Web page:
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Langlinais receives Historic Preservation Award

By Judith Pannebaker BCC Editor

Photo by Judith Pannebaker
Merry Langlinais, 2015 recipient of the Historical Preservation Award, and Roy Dugosh, chairman of the Bandera County Historical Commission

Historian and author Merry Langlinais received the 2015 Bandera County Historical Commission Preservation Award. Historical Commission Chairman Roy Dugosh presented Langlinais with the prestigious award during a recent meeting of commissioners court.
A sixth generation Texan, the Medina resident has been a member of the Bandera County Historical Commission for 11 years. Her first task for the commission was to provide photographs for the historical volume, Pictorial History of Bandera County. Published in 2006, the sesquicentennial edition commemorated the county’s 150th anniversary.
Additionally, Langlinais was selected by her peers to serve as editor of the Bandera County Historical Commission “Historian” in 2010. As editor, she conducts and records interviews and oral histories of local residents. The "Historian" is published quarterly each year and Langlinais not only serves as editor for the softbound editions, but also as researcher and graphic artist.
To commemorate the 100th anniversary of the Medina Dam, she scanned, digitized and archived century-old photos, which chronicled the dam’s construction. Developing a PowerPoint presentation that featured the historic photos, Langlinais delivered an anniversary presentation at the dam site in August 2012.
The PowerPoint “construction file” was later presented to the Frontier Times Museum in Bandera and included in the book, “History of Bandera County,” written by Museum Director Rebecca Norton and Karen Ripley of Lakehills.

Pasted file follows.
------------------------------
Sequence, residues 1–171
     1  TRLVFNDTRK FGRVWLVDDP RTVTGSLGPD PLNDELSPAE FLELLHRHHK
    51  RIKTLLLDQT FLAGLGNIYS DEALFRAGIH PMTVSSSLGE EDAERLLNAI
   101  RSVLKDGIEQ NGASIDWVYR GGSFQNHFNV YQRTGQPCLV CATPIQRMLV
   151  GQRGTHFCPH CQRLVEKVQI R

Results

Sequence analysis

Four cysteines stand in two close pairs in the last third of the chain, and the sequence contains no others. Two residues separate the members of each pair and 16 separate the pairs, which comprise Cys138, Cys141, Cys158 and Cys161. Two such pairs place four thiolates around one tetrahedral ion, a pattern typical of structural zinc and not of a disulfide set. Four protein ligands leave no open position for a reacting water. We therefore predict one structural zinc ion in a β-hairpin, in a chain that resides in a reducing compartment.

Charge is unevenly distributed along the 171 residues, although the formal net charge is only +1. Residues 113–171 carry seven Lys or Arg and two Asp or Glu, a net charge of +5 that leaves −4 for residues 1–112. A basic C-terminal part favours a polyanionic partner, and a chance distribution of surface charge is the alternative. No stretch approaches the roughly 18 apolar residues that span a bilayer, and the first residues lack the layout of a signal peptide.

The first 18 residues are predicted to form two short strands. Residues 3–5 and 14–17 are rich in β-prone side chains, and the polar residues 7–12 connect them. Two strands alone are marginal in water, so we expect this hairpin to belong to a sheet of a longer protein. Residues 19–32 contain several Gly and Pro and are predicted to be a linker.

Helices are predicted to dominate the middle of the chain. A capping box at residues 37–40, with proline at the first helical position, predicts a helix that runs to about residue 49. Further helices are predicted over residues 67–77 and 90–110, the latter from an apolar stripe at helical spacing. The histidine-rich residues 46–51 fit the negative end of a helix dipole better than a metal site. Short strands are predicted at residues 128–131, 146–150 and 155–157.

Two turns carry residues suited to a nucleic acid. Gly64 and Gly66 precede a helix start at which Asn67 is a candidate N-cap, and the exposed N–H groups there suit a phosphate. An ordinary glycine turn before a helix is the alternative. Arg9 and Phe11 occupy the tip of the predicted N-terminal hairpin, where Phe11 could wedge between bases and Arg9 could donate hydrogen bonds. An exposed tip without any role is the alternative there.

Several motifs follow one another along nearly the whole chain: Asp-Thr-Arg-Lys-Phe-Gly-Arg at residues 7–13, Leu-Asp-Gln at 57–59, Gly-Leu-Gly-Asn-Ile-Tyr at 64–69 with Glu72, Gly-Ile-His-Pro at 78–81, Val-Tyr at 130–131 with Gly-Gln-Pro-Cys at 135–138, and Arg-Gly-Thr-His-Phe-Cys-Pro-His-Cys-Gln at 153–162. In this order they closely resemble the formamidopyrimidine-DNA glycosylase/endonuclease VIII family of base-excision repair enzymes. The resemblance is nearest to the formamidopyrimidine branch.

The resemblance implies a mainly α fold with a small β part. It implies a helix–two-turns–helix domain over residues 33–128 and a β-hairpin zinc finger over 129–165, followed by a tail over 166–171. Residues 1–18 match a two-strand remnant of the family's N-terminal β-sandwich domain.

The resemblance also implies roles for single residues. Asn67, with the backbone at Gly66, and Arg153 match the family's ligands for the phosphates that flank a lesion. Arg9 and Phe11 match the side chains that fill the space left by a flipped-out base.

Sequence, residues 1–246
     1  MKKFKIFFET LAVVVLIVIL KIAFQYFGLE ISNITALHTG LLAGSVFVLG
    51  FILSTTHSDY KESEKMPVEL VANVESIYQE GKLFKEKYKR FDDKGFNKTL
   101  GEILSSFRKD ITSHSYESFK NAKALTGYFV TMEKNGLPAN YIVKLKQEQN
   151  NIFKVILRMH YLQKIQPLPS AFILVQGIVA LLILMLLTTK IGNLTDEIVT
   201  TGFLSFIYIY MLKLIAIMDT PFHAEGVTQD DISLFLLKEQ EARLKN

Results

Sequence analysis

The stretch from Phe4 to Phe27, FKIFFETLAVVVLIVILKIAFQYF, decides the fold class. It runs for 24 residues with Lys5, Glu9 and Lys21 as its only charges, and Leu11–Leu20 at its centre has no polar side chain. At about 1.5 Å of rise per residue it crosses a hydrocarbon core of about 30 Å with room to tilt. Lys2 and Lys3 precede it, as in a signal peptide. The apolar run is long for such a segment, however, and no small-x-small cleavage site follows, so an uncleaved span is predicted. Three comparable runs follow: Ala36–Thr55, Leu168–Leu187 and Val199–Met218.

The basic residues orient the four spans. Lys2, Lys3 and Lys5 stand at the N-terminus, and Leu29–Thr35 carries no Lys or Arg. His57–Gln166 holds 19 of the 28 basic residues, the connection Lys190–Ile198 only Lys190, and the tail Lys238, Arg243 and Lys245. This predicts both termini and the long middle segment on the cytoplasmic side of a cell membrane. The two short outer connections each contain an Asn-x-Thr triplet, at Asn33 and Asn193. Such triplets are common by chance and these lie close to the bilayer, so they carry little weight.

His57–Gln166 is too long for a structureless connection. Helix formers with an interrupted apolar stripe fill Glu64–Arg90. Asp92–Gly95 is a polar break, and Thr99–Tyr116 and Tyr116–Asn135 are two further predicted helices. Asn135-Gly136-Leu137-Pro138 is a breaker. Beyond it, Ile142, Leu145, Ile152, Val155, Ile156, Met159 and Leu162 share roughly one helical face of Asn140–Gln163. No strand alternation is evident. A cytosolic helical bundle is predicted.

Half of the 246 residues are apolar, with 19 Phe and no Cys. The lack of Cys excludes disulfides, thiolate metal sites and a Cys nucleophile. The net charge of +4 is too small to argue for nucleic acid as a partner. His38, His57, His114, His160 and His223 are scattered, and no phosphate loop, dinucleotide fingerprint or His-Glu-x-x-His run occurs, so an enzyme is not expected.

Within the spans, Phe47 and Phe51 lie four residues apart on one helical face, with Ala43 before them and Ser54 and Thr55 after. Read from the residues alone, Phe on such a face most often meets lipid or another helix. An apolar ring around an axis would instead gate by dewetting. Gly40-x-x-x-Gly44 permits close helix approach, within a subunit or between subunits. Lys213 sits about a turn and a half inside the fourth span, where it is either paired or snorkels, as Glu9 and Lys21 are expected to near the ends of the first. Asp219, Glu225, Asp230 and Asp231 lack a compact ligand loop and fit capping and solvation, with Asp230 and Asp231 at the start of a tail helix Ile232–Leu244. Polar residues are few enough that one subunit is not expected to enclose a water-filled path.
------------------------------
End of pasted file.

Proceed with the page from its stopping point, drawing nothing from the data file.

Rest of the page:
Langlinais also undertook the task of scanning, digitizing and securing all historical commission materials and records previously stored at the Bandera County Public Library. Described as a “huge project for one person,” to date the digitized file has now reached 4,400 images – and the count continues. Donations from readers of the “Historian” have been used to purchase archival sheets, slips and boxes to preserve historical photographs and newspapers.
In addition to her duties maintaining the archives for the historical commission, Langlinais also serves as commission volunteer on Native American History and Culture.
Not content to remain a “dry historian,” Langlinais combined her love of history with interesting circumstances surrounding her ancestors. In 2012, she introduced her first novel, “Silenced Only by the Dawn: A Gallant Woman and Her Carpenter,” a true story about her great-grandparents, Wiley John Prickett Jr. and Addie Doughty Gates Prickett.
“Silenced Only by the Dawn” recounts the Langlinais’ family’s Southern heritage and their participation in the Civil War and opening of lands in the Indian Territory.
It also details the couple’s life in Hondo Canyon and their experiences in 1904 that included driving 400 head of angora goats 1,000 miles from Texas to northern New Mexico in a single covered wagon with eight children.
“I want to congratulate Merry Langlinais for all of her work. She does a good job and we appreciate it,” said County Judge Richard Evans when her name was announced as the 2015 Historical Preservation winner.